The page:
As more physicians become employees of large organizations, CEOs are taking on a larger and larger role in our nation's healthcare. So what makes a good CEO, and why do they receive such high pay?
With over 50% of America’s docs working for someone else, and rising, CEOs are becoming more important to how healthcare is structured, to our professional careers, and to how we are able to help our patients. By the way, over 60% of healthcare CEOs have no professional tie to any past healthcare position and only one-third are MDs. Professional manager CEOs are increasingly dominating healthcare.
Briefly, a CEO’s primary functions are to provide a vision for the future, communicate that vision effectively, procure and place assets properly, and select talent to achieve his/her stated goals. And for bearing these responsibilities, they are paid very handsomely. So handsomely in fact, that the size of their compensation has become a big issue in our national discourse.
Specifically, the average CEO was paid $10.5 million in 2013 with the top 65 taking home over $20 million each. We like watching stars, high-achievers but are they really worth being paid up to 250 times what their average employee earns?
The underlying belief that fuels these numbers is that “talent is rarer than ever” and only outsize rewards can lure and retain the best people. But an increasing number of studies have refuted these claims.
After studying the subject, Walter Frick reported in The Harvard Business Review, that “no single trait or skill” stands out among these titans of management, and “luck plays a very large role.” He concludes that only about 5%(!) of a company’s performance on average is attributable to its CEO. Market and other forces are so large and powerful that they simply dwarf any individual’s efforts, no matter how smart, hard working or charismatic that person may be.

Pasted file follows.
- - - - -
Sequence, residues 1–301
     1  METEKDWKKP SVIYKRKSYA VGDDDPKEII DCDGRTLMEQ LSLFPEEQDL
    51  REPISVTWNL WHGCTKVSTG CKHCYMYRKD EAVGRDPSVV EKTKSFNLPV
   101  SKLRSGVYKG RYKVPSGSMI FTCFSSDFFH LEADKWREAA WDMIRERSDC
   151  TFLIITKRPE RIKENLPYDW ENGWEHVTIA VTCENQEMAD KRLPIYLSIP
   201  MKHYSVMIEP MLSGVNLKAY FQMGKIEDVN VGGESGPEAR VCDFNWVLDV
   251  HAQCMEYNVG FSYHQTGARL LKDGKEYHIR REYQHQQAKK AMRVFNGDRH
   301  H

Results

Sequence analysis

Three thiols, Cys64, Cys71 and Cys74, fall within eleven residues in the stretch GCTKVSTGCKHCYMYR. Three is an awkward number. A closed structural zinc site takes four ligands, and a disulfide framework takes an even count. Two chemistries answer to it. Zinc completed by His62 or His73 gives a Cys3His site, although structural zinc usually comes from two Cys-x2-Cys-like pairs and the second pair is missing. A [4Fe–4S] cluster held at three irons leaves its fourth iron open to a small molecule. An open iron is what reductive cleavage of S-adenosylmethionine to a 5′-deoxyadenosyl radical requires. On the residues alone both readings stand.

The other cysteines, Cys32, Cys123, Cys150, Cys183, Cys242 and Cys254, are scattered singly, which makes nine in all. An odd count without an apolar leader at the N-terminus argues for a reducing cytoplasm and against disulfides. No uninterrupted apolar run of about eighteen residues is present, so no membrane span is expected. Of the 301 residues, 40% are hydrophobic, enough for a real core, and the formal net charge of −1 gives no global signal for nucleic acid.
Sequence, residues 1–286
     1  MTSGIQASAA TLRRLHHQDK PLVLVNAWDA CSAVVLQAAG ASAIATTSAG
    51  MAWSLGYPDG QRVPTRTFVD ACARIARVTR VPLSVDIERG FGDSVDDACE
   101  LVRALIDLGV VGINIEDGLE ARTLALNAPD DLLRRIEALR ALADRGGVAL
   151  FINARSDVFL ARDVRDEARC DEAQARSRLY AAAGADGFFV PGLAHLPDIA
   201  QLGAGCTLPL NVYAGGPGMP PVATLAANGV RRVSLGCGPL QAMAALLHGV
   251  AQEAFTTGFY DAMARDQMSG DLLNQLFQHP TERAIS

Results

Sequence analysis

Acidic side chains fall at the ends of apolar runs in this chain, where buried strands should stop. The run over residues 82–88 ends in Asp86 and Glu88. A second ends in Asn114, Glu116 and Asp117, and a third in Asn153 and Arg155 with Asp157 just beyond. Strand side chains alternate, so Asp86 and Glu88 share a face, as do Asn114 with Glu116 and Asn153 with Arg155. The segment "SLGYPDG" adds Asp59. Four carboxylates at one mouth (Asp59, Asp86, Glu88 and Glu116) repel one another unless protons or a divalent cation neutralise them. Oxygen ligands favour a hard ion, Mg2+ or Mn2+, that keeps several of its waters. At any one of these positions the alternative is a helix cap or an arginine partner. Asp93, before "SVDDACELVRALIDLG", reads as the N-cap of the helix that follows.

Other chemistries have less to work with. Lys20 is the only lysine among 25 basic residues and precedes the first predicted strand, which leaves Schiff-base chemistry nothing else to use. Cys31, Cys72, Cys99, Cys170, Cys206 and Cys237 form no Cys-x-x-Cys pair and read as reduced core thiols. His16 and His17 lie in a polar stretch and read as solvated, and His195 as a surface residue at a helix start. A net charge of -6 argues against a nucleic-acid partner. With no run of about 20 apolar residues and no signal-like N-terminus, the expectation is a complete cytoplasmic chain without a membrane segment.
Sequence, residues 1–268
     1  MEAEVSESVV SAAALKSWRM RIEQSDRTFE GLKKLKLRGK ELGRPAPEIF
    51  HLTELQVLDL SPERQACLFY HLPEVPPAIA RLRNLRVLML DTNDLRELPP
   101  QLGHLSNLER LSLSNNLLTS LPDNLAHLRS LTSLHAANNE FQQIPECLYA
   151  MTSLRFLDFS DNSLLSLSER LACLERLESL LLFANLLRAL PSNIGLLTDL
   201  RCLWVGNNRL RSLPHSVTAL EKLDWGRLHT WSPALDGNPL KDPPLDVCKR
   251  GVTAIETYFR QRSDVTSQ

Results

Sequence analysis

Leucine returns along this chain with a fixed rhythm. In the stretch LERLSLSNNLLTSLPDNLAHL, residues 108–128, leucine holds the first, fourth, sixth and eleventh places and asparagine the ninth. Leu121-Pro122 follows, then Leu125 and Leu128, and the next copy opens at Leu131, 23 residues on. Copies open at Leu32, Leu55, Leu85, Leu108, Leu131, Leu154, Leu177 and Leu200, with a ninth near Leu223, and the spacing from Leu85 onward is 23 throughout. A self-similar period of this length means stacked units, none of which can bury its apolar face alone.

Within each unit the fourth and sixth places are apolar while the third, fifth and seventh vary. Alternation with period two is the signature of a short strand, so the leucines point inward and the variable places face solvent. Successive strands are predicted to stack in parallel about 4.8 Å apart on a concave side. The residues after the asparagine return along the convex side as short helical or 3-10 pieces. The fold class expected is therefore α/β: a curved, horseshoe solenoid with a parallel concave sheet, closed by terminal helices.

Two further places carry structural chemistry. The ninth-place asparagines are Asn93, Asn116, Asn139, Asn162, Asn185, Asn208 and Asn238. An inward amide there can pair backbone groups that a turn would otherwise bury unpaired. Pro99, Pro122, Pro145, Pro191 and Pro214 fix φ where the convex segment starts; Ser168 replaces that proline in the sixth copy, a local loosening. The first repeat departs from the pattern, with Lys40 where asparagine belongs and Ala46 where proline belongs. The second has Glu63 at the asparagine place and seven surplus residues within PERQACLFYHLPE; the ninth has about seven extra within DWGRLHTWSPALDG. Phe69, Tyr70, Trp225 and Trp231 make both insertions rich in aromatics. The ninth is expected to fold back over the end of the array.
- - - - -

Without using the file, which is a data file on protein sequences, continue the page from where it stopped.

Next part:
Yet the average CEO lasts just over four years, being held accountable only for about 20 quarters of corporate results. This phenomenon fuels the widely criticized practice of corporations focusing too much on the short term, in lieu of longer-term results. And CEO turnover costs, often in the millions, including so-called “golden parachutes” being the norm, are a surprisingly large expenditure that do not usually show up on any balance sheet.
So what makes a successful CEO? Again studies show that they are not particularly more able or talented than many other kinds of professionals, docs included. What they do have, often in spades, according to Stanford’s Charles O’Reilly’s research published in The Leadership Quarterly, is a significant amount of narcissism.
O’Reilly defines narcissism as a personality type characterized by dominance, self-confidence, a sense of entitlement, grandiosity, and low empathy. They also tend to be impulsive and manipulative. They often are charming, able to win over their board to secure big rewards and simultaneously “…eliminate those who might challenge them or fail to acknowledge their brilliance.”
Lovely, huh? Another word that often applies is ruthless, one more difference why narcissists make more than you do. A CEO once candidly told me of a board meeting at which his VP of Sales was proud to announce that he had achieved a 12% increase that quarter in spite of a down market. The CEO asked in a Socratic manner, “What were you told to achieve?” “15%” was the reply. The CEO said, “You’re fired.” …. Most docs do not have that “ability” in our DNA, thanks be. But if you find yourself working for a CEO who does, be on notice.